Thursday, November 7, 2013

Food Fight! My Battle With Strawberry Pests.

My last post spoke of my battle with the shade. One of the survivors was my strawberries - apparently thriving and producing flowers and even fruit. I planted 22 plants one year ago, and I now have 140 (and I've given away a bunch). After one year, the time has arrived to finally start harvesting my produce. Having neglected my plants for about three days, with promising white to pink strawberries festooning the ground, I returned with great hope that I would find a bunch intact. I had even taken the precaution of placing the best of the strawberries on lids within bigger lids such that they were surrounded by a moat of water.

I leave you to judge the result!
Todays strawberry harvest. Yum!The 

Of my 21 ripe strawberries (I cast two into the road with snails attached), not one has survived intact. Every strawberry is either small, malformed (water or nutrient deficiency?), or rotten, or eaten by a combination of birds, snails, slugs, weevils, wood louse and millipedes. Until I started my own veggie garden, I did not even realize that wood louse and millipedes could be considered a pest. I thought they hung around mainly underground! Even my Solar Strawbs - an elevated pipe bearing strawberry plants, had one fruit that was not sufficiently hanging off the side entirely devoured by birds, and another with a millipede still chomping on it. Several entire plants have been ripped up by our friendly foraging dogs. Well, they have just been demoted to my second-best friend!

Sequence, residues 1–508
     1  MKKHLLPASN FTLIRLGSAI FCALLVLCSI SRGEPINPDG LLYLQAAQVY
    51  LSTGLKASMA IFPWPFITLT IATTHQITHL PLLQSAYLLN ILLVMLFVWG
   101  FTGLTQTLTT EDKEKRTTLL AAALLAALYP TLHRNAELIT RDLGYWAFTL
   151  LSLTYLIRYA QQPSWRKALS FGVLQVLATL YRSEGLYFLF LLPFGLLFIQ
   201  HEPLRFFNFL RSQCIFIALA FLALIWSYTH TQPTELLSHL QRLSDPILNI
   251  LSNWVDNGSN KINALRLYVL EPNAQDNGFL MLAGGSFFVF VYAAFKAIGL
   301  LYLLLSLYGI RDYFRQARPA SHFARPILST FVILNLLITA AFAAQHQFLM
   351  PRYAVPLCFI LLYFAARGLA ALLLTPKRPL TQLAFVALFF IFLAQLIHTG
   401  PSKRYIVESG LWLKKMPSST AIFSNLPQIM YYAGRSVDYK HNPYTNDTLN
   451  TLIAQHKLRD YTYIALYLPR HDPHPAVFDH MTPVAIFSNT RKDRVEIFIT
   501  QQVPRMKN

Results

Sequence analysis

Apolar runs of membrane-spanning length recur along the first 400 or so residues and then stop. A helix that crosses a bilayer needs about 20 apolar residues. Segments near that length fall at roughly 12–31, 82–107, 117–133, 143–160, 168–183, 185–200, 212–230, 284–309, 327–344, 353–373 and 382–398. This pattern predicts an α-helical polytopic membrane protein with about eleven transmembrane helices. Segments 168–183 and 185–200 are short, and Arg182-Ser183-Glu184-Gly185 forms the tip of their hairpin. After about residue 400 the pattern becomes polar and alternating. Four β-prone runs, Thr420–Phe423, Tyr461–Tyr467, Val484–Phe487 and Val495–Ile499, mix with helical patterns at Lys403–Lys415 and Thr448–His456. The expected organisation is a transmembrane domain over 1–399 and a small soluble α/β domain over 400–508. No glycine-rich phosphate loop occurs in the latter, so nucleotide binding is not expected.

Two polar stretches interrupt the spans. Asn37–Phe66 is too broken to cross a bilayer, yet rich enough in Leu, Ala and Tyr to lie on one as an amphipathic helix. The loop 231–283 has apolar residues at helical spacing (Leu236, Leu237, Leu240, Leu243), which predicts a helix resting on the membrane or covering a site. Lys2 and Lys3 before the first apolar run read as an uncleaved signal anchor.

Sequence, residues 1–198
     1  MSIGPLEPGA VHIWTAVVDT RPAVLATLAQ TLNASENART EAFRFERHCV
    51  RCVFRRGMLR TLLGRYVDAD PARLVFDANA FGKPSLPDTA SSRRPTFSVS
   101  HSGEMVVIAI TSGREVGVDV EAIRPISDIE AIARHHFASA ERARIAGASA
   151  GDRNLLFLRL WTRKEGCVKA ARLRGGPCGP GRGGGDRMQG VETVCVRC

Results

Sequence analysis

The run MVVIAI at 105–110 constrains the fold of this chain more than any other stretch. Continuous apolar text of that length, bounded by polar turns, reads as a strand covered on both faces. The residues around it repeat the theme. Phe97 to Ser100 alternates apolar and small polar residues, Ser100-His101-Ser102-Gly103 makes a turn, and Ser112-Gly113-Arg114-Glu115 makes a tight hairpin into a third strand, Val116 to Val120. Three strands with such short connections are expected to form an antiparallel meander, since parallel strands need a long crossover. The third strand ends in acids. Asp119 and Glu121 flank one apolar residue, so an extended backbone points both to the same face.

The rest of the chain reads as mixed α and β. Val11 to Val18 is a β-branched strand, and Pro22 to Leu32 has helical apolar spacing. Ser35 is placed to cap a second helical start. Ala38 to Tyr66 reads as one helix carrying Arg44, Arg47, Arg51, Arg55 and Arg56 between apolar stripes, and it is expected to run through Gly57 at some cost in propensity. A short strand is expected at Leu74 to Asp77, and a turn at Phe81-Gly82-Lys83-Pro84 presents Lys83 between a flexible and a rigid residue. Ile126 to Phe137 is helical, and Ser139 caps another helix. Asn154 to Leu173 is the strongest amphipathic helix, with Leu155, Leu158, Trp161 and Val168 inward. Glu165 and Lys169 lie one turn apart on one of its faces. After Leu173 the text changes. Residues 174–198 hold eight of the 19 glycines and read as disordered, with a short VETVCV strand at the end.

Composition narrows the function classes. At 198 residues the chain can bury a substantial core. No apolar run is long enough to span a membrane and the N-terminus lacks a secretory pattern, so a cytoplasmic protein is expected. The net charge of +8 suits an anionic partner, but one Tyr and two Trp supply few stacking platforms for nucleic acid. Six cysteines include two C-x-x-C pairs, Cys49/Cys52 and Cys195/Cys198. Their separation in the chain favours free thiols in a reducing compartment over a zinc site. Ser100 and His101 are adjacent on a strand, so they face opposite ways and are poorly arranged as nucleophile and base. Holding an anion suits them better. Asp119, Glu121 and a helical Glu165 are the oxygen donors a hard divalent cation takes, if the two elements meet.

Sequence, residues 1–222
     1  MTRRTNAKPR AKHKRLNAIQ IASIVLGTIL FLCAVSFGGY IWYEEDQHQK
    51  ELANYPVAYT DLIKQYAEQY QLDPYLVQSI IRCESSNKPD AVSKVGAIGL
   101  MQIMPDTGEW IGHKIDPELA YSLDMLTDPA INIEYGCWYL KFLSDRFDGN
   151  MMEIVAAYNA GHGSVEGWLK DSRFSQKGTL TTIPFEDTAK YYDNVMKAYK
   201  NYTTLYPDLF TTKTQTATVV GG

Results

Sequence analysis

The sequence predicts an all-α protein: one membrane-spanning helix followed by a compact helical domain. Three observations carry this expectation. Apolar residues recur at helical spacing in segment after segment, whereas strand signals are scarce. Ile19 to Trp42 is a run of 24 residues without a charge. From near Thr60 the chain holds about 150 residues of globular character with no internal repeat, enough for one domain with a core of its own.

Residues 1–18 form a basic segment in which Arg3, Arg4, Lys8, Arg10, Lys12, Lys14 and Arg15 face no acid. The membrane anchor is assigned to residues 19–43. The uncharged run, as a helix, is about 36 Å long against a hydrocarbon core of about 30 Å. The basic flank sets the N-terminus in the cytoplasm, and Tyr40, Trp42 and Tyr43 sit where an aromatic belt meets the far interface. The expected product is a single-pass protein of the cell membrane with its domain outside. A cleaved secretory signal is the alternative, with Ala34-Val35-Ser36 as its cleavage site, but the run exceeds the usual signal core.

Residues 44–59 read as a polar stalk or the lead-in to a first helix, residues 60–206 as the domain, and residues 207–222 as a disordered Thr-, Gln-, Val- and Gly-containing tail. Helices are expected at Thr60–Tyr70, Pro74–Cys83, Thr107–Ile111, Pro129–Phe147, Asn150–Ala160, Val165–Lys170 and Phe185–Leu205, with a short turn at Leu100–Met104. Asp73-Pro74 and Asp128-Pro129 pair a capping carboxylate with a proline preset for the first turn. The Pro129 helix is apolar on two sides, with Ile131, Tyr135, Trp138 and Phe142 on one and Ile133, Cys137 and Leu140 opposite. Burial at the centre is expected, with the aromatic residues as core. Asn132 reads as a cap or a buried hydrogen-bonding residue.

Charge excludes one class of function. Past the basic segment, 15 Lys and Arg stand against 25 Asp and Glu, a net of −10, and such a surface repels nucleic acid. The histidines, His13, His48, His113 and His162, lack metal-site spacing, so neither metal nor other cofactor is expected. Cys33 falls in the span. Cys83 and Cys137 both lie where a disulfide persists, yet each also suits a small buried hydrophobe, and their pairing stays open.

Woodlouse on a fresh organic home-grown strawberry

What is to be done about it, if The Naked Botanist cannot even grow his own strawberries in a wonderful organic setting which has never seen a pesticide in its life? I am certainly starting to have sympathy for non-organic farmers who utilize pesticide. Fortunately I am not surviving off my produce, nor making a living off them... but if I were?? Any recommendations?

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